“My freshman year was the best year of my life,” she said. “I had nothing to lose so I just gave it all I’ve got. I’d never seen the pitchers before and they’d never seen me. I used it to my advantage.

“My sophomore year, I pressured self and I struggled. The reason I played college softball was because I loved it, especially because it’s a Division III school and it takes up so much time. I came here because I loved the games and it was the last four years in the sport. I had to do my best, no matter what.”

Staying loose and relaxed wasn’t always easy for Villa.

“I think early in my career, I would tense up, like it was life or death to get on base,” she said. “From my coach, I learned she trusted my knowledge of the game and I just did the best I could.”

During the inevitable slumps and struggles of being a hitter, Villa learned to trust in her friends and teammates at Wooster.

“One thing I did differently in college is I went more to my teammates for advice,” Villa said. “There was a girl who was two years younger than me, but she was a great slapper. I asked her what she was seeing and what she was thinking. Just going to another slapper, or my teammates in general, helped.

“That was the biggest thing. My teammates were people who tell me to stick with it. My teammates were constantly there for me. This year I could not get a break. They told me I just had to keep it up, keep swinging.”

When Villa was considering giving up the game and focusing on her schoolwork as a sophomore, it was those teammates she thought of. And it was thoughts of them that kept her from hanging up her cleats.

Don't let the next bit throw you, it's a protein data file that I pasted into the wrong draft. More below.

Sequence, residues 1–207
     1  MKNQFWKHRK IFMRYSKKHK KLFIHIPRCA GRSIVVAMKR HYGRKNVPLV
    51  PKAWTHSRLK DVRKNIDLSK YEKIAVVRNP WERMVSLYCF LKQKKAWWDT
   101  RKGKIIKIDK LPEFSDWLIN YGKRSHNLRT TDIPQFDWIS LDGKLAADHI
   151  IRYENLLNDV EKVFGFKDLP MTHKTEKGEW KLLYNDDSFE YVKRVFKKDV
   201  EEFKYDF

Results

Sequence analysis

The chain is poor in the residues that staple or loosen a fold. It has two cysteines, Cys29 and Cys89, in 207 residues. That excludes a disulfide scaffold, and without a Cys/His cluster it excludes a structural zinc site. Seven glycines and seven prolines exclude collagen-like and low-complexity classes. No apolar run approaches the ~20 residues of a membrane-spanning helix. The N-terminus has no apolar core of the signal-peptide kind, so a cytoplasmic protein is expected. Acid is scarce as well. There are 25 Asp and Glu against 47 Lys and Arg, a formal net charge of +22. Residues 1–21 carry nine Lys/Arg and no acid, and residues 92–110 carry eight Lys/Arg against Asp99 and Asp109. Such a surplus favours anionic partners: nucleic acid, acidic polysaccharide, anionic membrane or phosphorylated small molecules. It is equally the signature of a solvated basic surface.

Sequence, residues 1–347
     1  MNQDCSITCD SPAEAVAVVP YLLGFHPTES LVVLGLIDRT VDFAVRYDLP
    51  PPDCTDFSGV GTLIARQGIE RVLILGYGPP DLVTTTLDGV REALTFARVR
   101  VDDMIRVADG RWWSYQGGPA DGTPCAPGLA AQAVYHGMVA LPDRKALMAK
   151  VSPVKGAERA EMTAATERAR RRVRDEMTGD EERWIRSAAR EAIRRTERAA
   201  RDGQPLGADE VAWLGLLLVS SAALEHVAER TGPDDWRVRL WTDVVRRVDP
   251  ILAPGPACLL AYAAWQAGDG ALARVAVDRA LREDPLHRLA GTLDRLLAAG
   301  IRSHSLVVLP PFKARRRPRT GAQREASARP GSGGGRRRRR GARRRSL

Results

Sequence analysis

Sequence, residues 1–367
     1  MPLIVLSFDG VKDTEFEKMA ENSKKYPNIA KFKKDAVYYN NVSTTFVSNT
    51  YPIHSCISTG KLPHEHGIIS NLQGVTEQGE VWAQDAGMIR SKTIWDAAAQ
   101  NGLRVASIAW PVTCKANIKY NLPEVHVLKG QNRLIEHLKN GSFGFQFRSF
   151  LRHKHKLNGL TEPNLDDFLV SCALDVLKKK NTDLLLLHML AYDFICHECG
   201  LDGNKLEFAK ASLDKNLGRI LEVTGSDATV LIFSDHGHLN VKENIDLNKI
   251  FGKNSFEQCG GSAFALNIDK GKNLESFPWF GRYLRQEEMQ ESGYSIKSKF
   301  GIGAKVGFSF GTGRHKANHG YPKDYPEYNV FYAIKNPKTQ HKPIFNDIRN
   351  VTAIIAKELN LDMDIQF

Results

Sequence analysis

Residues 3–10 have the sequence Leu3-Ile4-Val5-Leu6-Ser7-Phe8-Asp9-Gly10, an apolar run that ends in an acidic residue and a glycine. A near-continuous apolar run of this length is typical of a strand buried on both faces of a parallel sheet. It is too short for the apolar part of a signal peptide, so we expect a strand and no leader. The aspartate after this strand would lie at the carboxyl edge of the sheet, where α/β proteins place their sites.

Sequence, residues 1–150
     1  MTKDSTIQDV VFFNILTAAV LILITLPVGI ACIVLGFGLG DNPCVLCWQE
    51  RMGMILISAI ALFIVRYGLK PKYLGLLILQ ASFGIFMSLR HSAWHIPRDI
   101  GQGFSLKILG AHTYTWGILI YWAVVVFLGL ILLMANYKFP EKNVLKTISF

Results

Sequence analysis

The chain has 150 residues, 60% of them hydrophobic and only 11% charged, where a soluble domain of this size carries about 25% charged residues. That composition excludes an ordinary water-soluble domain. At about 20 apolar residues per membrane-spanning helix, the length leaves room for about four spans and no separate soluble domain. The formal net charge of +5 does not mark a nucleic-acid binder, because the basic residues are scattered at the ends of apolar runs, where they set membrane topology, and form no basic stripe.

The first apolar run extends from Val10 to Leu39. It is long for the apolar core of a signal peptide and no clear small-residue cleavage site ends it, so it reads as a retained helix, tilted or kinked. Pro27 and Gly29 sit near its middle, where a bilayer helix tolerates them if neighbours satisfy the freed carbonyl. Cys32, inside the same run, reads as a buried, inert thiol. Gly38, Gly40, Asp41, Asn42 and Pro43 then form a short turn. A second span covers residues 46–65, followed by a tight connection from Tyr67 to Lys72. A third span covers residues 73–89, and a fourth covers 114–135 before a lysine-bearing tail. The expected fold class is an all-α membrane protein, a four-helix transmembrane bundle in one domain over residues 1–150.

“I don’t know if I should even say this, but I almost quit after my sophomore year,” Villa said. “I was such a head case. The reason I didn’t was my family. I didn’t want to let them down. Even bigger was I didn’t want to let my teammates down. I didn’t want to let them down over something I was doing. That would be so selfish.”

That familial support was never far away for Villa, either.

“My mom was the one who, when I said would never get a hit again, would say I was being dramatic. She told me to keep my head up and to cheer up.

“My dad would tell me to just get in the and relax. I was going to hit.”

There were others who aided Villa throughout her entire career, which started with T-ball in the Ashtabula Little League system.

“Jay McMellen helped me switch to being a slapper when I was 12 or 13 with the Top Guns,” Villa said. “Without him, there’s no way I would have been so successful.

“I definitely need to thank Dave Jones. I had a lot of support from all of my coaches through the years. Dave supported me through the years.

“Every girl I played with from Little League up through this past year were great. My coaches were great. My parents were there for me through all of this craziness.”

With her graduation with a degree in chemistry, Villa’s career has come to an end. At least her career as a player has ended. She will continue her education at Ohio State where she will chase a master’s degree in anatomy.

“They said I could do it in a year and a half, which I will probably do,” she said. “I want go to med school. I think that’s the best route for me, so I want to learn some more biology.

“I was chemistry heavy in college. Anatomy is more interesting to me.”

Having done what she could on the diamond, Villa’s focus will turn to her other love.

“I really like learning,” she said. “I’m really nerdy. I think (getting a master’s) is the best next step for me.”       

Ettinger is a freelance writer from Ashtabula.